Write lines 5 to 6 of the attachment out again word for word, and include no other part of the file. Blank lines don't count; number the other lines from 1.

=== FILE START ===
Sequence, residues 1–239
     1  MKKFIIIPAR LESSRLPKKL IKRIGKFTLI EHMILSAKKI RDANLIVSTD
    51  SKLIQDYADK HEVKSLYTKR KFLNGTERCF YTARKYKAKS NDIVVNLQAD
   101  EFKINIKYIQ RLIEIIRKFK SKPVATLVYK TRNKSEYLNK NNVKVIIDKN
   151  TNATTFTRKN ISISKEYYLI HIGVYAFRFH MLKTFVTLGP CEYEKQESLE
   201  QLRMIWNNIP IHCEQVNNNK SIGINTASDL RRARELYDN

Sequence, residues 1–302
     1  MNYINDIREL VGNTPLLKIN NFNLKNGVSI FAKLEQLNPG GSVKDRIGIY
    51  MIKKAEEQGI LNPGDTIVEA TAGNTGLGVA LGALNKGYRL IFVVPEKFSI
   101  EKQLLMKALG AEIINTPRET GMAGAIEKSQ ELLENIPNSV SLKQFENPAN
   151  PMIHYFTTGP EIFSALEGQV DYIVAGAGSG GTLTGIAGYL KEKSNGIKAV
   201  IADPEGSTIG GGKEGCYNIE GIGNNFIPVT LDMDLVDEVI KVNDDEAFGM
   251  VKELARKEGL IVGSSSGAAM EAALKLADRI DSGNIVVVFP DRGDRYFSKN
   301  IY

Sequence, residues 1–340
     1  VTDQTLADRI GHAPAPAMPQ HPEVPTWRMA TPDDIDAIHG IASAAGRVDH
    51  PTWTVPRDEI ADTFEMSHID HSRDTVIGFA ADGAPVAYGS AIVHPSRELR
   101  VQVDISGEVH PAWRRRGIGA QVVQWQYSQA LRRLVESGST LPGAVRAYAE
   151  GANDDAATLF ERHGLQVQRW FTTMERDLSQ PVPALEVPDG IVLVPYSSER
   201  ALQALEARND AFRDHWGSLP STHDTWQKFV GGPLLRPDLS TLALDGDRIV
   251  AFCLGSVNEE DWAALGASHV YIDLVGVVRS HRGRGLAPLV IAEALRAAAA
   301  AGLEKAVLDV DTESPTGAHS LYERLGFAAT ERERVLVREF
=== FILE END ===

   151  TNATTFTRKN ISISKEYYLI HIGVYAFRFH MLKTFVTLGP CEYEKQESLE
   201  QLRMIWNNIP IHCEQVNNNK SIGINTASDL RRARELYDN